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Colombia has the second highest number of victims of anti-personnel landmines in the world - more than 11,100 in 25 years. According to Handicap International, 80% of the survivors of armed violence suffer from a disability.
Colombia is strongly impacted by armed violence as a result of a conflict that has already lasted for over 50 years. 31 of its 32 departments are contaminated by mines, making Colombia the second most mined country in the world after Afghanistan. Since 1990, the use of improvised explosive devices has become systematic.
Nearly half of casualties are civilians who live in the remotest and the most deprived areas in terms of health structures and rehabilitation care. And 26% of them are children, who are particularly vulnerable. These accidents have serious consequences for casualties, including death, injury, long-term disabilities and psychological trauma.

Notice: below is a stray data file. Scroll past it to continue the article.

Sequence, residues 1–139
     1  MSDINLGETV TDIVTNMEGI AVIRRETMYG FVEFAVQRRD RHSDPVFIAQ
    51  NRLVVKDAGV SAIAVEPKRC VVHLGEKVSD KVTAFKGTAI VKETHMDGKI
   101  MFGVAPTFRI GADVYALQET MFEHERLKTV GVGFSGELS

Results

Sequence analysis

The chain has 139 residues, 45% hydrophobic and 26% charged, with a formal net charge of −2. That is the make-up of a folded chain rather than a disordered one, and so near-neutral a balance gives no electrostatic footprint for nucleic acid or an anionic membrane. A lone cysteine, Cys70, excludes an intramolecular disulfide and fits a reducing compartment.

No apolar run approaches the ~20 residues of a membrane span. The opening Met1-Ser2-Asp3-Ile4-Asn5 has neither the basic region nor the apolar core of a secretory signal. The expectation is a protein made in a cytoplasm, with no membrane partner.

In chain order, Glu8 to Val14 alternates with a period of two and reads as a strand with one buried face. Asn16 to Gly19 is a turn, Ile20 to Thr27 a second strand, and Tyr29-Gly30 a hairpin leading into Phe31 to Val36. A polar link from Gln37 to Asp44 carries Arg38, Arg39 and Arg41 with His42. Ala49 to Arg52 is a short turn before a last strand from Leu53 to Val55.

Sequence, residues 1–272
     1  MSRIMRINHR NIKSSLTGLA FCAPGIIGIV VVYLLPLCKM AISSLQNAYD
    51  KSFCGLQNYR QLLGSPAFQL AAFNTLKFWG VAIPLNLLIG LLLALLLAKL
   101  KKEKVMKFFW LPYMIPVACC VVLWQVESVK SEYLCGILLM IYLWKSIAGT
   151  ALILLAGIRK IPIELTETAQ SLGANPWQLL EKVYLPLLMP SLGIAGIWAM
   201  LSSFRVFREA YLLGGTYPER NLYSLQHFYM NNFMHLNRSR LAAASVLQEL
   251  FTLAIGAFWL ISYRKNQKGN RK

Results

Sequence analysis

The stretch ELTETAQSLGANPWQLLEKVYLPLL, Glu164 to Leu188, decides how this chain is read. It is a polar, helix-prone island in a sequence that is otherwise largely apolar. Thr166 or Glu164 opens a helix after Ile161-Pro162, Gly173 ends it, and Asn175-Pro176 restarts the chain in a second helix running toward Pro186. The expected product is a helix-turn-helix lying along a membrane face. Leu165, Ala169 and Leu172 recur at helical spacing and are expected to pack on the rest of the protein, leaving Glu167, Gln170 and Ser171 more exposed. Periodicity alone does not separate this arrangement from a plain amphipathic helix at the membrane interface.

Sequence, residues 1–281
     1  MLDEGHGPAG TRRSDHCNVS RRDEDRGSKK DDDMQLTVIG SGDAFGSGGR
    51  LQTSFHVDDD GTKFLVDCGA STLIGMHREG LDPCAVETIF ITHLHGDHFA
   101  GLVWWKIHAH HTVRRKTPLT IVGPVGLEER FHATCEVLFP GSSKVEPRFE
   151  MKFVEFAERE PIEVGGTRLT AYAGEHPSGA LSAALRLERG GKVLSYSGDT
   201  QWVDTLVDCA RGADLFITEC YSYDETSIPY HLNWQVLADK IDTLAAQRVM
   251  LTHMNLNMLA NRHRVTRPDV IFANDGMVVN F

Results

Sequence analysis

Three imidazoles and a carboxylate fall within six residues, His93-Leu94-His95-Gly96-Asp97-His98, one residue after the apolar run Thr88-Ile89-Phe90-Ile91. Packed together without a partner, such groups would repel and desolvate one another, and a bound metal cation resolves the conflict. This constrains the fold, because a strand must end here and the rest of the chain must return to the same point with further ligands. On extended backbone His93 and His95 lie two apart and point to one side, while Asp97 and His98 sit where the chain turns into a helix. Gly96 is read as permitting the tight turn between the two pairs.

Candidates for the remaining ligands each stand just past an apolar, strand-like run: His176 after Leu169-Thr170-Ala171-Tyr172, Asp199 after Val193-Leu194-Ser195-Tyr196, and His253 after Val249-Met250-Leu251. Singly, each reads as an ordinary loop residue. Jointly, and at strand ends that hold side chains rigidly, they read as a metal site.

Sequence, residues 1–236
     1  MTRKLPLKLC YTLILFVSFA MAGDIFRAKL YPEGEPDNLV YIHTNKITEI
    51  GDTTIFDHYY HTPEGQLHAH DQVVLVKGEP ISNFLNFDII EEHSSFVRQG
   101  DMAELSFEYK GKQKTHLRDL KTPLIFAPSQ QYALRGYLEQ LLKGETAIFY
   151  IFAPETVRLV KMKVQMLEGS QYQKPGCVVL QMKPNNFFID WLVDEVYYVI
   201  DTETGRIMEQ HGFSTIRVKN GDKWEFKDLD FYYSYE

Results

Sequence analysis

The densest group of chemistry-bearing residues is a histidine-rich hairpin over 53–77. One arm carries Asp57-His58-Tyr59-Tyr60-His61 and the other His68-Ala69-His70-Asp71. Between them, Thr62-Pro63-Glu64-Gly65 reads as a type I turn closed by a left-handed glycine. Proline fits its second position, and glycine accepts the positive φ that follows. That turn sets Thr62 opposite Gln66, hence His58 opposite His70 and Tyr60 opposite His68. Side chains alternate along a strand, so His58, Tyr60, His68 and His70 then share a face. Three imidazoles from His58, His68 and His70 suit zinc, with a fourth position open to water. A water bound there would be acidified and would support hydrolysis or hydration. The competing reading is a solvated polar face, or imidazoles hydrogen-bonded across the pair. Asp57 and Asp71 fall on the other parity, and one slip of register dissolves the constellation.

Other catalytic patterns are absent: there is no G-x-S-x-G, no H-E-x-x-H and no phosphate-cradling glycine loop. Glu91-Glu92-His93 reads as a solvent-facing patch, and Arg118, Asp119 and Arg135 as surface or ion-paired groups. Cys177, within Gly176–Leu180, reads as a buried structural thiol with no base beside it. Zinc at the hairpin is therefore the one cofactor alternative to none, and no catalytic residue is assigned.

Although the country is also ravaged by drug trafficking and delinquency, and violence associated with gold mining, the Colombian government and the Revolutionary armed forces of Colombia (FARC) signed an historic peace agreement on 26th September 2016. Handicap International, accredited in July 2016 as one of the country’s four official humanitarian demining actors, is preparing to launch a five-year demining operation in six of the most contaminated departments: Antioquia, Cauca, Caquetá, Córdoba, Nariño and Meta.